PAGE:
George Brett, 1980 Lifebuoy ad


It was little consolation when Pat learned he had been named the tournament's Most Outstanding Player. He joined Minnesota’s Dave Winfield (1973) and Cal-State Fullerton’s Phil Nevin (1992) as the only players to claim the award even though their teams did not win the CWS.

The following summer Pat traveled to Massachusetts to play for the Hyannis Mets of the Cape Cod League. Surrounded by the country's top amateur talent, he concentrated on his defense at third. After leading the Hurricanes in errors his freshman season, he knew his glovework was sub-par.

Pat returned to Miami under the weight of huge expectations. Baseball America ranked him as the third-best college prospect in the nation, and fans wondered how he would follow up his sensational freshman campaign. He did not disappoint, topping the .400 mark again, with 21 homers and 76 RBIs in 69 games. The Hurricanes had a great team, with future major leaguers Jason Michaels, Bobby Hill and Aubrey Huff joining Pat in the lineup. Arteaga and Morrison pitched well, and Miami finished with 51 wins—one better than the year before. The team breezed through the post-season, but ran into trouble during the College World Series, losing to red-hot Alabama in the semis, 8-2—denying the team a chance for revenge against LSU, which won the national championship again, this time behind slugger Brandon Larson.

The most difficult part of the season for Pat was adjusting to the way he was being pitched. Strikes were few and far between, which forced him to become more selective at the plate. Thanks to his quick wrists, however, Pat had an extra instant for pitch recognition. As he began to think along with the pitchers, he also became a very good situational hitter.

While Pat quietly enjoyed another superb campaign, it was another hitter who grabbed the headlines in Florida. J.D. Drew of FSU had a monster year for the Seminoles. When the end-of-season honorees were announced, Drew won the Golden Spikes Award and Pat was named First-Team All-America at DH, with UCLA’s Troy Glaus copping honors at third base.

That summer Pat joined the U.S. National team. Coached by Cal's Bob Milano, the squad boasted a "Who's Who" of college baseball. Among Pat's teammates were future pros Eric Munson, Adam Everett, Jason Tyner and Jason Jennings. The Americans toured the globe, posting a record of 21-13 against the likes of Japan, China and Cuba. In their stiffest test, they advanced to the semifinals of the Intercontinental Cup in Spain, but lost to Australia and fell out of medal contention. Pat hit third in Milano's lineup, though he often had the bat taken out of hands by opposing managers. Drawing 44 walks in 33 games, he batted .343 and led the team in home runs (12) and RBIs (42). For his efforts he was named Summer Player of the Year by Baseball America.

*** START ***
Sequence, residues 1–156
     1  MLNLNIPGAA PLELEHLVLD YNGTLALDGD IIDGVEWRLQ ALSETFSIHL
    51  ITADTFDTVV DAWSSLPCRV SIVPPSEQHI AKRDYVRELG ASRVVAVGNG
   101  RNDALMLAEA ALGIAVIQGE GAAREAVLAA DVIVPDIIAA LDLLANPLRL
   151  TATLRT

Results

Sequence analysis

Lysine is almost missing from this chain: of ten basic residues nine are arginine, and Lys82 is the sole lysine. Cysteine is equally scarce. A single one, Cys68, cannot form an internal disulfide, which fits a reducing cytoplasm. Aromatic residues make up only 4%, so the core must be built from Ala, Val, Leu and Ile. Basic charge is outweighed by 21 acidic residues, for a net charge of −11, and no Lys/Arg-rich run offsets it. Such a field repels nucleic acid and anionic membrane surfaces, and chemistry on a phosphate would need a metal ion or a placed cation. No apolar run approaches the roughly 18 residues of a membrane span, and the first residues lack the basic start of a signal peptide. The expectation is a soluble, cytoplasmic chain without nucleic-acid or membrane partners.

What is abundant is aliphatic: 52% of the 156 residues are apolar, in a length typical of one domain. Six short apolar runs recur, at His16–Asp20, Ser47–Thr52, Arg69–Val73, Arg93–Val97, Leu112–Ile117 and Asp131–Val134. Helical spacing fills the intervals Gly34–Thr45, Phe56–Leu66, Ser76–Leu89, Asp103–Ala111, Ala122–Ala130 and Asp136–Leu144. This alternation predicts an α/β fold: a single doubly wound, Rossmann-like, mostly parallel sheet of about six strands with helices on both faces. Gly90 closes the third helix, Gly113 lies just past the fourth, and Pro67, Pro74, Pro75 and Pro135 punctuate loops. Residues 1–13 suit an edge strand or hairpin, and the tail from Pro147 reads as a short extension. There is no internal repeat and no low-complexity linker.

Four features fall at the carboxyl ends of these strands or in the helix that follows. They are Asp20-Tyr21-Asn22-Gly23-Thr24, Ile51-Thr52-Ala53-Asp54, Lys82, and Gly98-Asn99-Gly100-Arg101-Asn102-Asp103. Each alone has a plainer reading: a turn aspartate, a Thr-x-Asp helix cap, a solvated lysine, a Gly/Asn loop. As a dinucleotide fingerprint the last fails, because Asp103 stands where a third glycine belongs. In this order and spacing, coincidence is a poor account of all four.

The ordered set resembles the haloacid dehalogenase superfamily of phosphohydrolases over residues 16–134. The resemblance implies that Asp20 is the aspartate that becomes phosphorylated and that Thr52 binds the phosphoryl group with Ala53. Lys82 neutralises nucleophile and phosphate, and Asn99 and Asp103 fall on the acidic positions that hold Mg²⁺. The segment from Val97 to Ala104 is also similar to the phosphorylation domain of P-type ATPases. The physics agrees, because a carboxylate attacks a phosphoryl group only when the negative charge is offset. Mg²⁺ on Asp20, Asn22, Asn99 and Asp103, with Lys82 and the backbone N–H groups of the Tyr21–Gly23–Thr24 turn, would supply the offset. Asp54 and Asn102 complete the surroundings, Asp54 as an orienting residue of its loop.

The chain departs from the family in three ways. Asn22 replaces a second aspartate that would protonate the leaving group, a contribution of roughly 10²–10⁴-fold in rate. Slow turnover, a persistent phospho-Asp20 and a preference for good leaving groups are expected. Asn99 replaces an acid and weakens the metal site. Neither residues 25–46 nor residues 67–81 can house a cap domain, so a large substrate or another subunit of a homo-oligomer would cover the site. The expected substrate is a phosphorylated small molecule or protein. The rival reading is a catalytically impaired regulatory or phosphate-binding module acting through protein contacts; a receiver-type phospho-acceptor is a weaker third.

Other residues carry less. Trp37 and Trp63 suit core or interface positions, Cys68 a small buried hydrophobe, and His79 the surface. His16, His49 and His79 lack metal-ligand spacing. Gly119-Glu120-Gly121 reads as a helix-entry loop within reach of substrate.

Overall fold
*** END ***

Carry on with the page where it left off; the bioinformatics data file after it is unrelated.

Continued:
Heading into his junior year at Miami, Pat had grown accustomed to the intense media attention focused on him. A First-Team All-American in each of his first two seasons, he had also twice been a finalist for the Golden Spikes Award. No one doubted he would be a high pick in the 1998 draft. Until then Pat looked forward to another exciting season with the Hurricanes. He and Jason Michaels were now the most imposing 1-2 punch in college baseball.

The first half of Pat's junior year went as expected. More and more, with teams afraid to pitch him on the inside half of the plate, he was driving the ball the opposite way. Going into March, he was hitting .433 with 11 homers. But toward the end of the month Pat was grounded by stress tension to a vertebra in his lower back. While the injury probably wouldn't become a chronic problem, it did require time to heal, and he missed two months of play. By late May, with the NCAA Regionals fast approaching, Pat was racing the clock to get back into the lineup.

Pat returned for a game against Bowling Green, and in his first at-bat homered to deep left. From there he reassumed his role as the driving force in Miami's charge for the national championship. At 50-10 the Hurricanes were among the favorites to go all the way. Though they suffered an upset loss to North Carolina in their bracket of the regions, they survived thanks to Pat, who slammed five home runs in five games. But Miami's title hopes were dashed a short time later. The Hurricanes won just one of three games in the College World Series, and were eliminated by Long Beach State.